Why the people may hate George Lucas
A new film suggests that there are legions of "Star Wars" fans who cannot stomach what the films' creator did to their beloved franchise. But are those people in the majority?
Everyone knows that George Lucas has had a disproportionately large impact on our society. His "Star Wars" films have, over the last 33 years, become one of the globe's primary cultural touchstones.
Suppose you found yourself in a standoff with someone from a country or way of life that wants to harm you. If you suddenly said something like, "Luke, I am your father," you both would probably break up laughing.
But a film expected to make its world debut at the South by Southwest film festival next month in Austin, Texas, suggests that there's a bit of a standoff that's been going on for years between Lucas and the many, many fans of his films and other projects.
"'The People vs. George Lucas' is a no-holds-barred, no stone unturned, completely uncensored, yet balanced cultural examination of the conflicted dynamic between the great George Lucas and his fans over the past three decades," a synopsis for the film begins. "Chock-full of impassioned interviews, stop-motion and 3D animation, Super 8 action figure films, puppet rants, and many other surprises, this unique participatory [documentary] is the ultimate expression of the fans' obsession for a man and a universe that defined an entire generation."
Since the film isn't out yet, it's hard to know exactly how this will turn out. But the trailer (seen below) suggests that what it's really about is a clash between fans' love for the original three "Star Wars" films and their utter distaste for the later prequels that Lucas made. A particular target of the fans' wrath seems to be the notorious Jar-Jar Binks, whom everyone loves to hate.
One scene from the trailer shows two enthusiastic street performers singing their song, "George Lucas raped our childhood." And another has a sixtysomething academic speaking about how Lucas "is a little devil disguised as a false prophet."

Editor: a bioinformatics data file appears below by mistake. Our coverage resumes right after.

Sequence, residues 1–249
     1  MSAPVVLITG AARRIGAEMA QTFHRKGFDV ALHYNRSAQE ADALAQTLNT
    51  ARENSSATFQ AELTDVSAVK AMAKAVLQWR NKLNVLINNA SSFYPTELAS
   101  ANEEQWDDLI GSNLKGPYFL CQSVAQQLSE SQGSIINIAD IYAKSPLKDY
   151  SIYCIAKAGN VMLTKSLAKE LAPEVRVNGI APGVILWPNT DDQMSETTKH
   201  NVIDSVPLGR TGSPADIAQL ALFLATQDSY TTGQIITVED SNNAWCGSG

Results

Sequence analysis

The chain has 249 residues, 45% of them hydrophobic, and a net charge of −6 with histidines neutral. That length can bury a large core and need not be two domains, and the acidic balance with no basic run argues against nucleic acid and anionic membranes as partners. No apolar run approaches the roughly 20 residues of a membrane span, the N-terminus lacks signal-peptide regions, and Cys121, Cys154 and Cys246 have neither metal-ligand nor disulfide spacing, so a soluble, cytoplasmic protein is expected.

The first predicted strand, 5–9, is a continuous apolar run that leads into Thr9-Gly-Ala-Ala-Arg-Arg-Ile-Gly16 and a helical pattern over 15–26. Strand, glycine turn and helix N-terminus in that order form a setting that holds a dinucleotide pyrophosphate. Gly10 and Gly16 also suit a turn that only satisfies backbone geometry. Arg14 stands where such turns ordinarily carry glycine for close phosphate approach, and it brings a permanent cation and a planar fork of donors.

But the film's director, Alexandre Philippe, also seems to be making the point that there are plenty of people who think that a narrative entirely focused on reviling Lucas for destroying his own masterpiece is a bit far-fetched. One French talking head in the trailer says, "The hatred that people claim they have for the new films proves how profoundly they love them," while an English observer notes that Lucas didn't rape anyone's childhood.
Watching the trailer, it reminded me of the recent documentary about Mac culture called " ." The look and feel, at least, seem very similar, and "MacHeads" made somewhat of the same point about there being a love/hate relationship between the fans of the iconic computers and their manufacturer, Apple.
The George Lucas film in the meantime may force "Star Wars" fans to confront their feelings about Lucas and the later films, and that may be a good thing. Fans may need to examine why they feel so strongly about how the franchise has crumbled, at least artistically, and to ask themselves why they care so much.
Is it because they resent something they care so much about being exploited for commercial gain? If so, they should remember that the first three films were financial juggernauts. Or is it because they can't imagine why Lucas would make such bad films the second time around? That is a much fairer question.